My Betta has had a white patch at the top of his tail for several months. It looks kind of cottony and has gotten bigger over time. I've been treating him with BettaFix and changing his water weekly, but it has not helped. He has even lost some of his fin and I fear that the rest will rot away too. I'm not sure if this is a fungal or bacterial infection - I want to treat him, but don't want to make him sicker in the process or kill him. Any help or suggestions for medicine would be greatly appreciated. He has been laying at the bottom more frequently, but still swims up for air, and also to eat usually twice per day. Some days he looks pale and swims kind of sideways or darts around the bowl (this has been going on for awhile) and others he looks fine, but lately he seems to be in pain. He's more than a year and a half old, but I want to keep him around for as long as possible! Thanks for your help :)
Very likely it's both. I highly suggest that you should do daily water changes instead of weekly and keep treating him the medication. I've never use Bettafix, but have used Rid Ich for fungal infections.
well, for starters, your bowl is MUCH too small for a betta. and with that water change schedule, you're not doing enough to keep the ammonia away. is there ANY way you can get him at LEAST a gallon tank and small heater?
him losing his fins isn't what you need to worry about. it's that..... rot. or whatever it is, reaching his body. i honestly have NO clue what's wrong. it's... some kind of fin rot, or bacterial thing eating his tail. since you've used bettafix and it didn't work, you might need to go stronger than that.... i'm far from an expert in medication, though.
Your first priority needs to be getting him out of that awful bowl. It is much too small, one the smallest I have ever seen actually. Betta fish need at bare minimum 1 gallon, but the recommended is at least 2.5 gallons. This species of fish is tropical, meaning they thrive in water temperatures around 76 F - 82 F. For this reason you will need purchase an aquarium heater at the appropriate wattage. Another reason you need a bigger tank? The one you have cannot be heated safely because it is so tiny.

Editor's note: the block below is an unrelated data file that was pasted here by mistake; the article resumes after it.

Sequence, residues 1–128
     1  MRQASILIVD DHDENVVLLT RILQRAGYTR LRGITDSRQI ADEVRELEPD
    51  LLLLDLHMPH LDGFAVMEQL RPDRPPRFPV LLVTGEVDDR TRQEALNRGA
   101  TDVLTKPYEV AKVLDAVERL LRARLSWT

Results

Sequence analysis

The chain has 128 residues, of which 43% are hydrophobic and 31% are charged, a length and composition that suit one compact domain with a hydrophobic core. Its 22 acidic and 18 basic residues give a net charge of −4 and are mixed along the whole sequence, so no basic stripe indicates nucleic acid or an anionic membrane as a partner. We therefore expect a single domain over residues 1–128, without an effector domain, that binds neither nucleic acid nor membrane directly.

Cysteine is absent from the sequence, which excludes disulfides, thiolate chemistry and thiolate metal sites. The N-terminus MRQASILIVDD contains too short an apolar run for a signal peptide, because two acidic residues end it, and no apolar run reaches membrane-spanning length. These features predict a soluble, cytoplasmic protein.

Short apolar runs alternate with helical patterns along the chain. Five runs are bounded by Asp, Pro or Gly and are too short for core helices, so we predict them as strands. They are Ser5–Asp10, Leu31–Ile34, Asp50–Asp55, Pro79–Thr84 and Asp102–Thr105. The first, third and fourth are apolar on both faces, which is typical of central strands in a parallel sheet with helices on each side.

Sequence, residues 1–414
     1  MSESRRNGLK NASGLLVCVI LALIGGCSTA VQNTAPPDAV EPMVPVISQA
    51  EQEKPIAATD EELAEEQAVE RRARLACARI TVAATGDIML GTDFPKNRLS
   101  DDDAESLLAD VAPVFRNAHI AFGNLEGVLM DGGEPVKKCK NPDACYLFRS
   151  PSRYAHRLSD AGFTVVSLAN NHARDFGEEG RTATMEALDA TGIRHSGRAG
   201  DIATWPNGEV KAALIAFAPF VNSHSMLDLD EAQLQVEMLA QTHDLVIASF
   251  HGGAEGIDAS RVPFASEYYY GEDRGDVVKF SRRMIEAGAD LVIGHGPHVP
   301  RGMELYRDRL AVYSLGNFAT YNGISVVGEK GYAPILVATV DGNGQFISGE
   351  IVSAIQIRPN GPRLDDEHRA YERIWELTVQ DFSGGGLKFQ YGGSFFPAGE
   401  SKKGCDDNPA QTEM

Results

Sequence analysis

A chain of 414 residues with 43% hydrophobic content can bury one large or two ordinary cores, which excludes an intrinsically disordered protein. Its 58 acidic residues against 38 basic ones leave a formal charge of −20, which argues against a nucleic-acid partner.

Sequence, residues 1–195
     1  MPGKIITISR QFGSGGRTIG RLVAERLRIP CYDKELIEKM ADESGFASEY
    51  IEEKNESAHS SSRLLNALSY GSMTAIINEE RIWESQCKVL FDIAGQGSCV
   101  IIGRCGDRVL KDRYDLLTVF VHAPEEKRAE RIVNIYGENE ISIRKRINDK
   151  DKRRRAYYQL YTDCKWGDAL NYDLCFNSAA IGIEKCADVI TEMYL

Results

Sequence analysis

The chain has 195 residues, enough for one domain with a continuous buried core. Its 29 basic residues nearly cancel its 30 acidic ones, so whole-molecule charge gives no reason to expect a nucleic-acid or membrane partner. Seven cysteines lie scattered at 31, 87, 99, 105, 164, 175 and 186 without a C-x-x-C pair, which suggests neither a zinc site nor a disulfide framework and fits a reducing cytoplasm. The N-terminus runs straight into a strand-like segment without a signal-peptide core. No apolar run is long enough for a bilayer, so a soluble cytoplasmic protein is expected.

Unless you drastically change the conditions he is in, medication and treatment for his illnesses will be completely useless. Please know that I am not trying to be mean by stating all of this. It is just the reality of the situation.
Sorry - but 1st priority is a good broad spectrum antibiotic like Kanaplex of Furan-2. And you need to do this ASAP, this is an advanced infection and your fish simply isn't going to make it if you don't jump on this right away.
THEN do please think about giving him more water, and changing it more frequently. This is not a 'moral' standpoint, it's just basic good fishkeeping. Your fish has a much better chance at recovery in better conditions than he's been getting, and that's just a fact.
How is medication supposed to do its job when he is likely cold and sitting in a stew of ammonia? The OP cannot heat that bowl safely and unless she does daily water changes, ammonia will build up too quickly.
Hence why I stated first priority should be getting a bigger tank. Right now he is basically living in the cup they sell Betta fish in.
Not to argue (because the fish needs all of the above, I heartily agree) but we don't know the OP's circumstances - perhaps they can't afford a bigger tank -and- medication -and- a heater all at once.
The temp's too low but not so much it'll kill him quicker than that advanced rot. The ammonia might -- but the Op has already been advised to increase water changes.
With increased water changes (daily, in that little bit of water) and with some antibiotic working on halting that rot before it hits the fish's body (if it hasn't already.. looks pretty close to it, to me) the disease might not kill the fish while the OP is sorting out a bigger tank and heater, if they choose to purchase those.
Clean water daily is a must, though, if the betta's to be kept in that tiny bowl. This necessary schedule will ultimately prove quite stressful on the fish, which won't help the healing process at all.
But that bacteria's #1 priority, looking at the state of its tail..
most medications are dosed in larger bits. it's nearly impossible to dose something so small. even my 1 gallon hospital tank was hard to dose, since most meds are dosed for 5 and 10 gallons. OP would have to do some major math and HOPE they get the dosage right.
if OP is low on funds, they can get a sterilite bin, which are cheaper than tanks, as a temporary home for the betta while they medicate.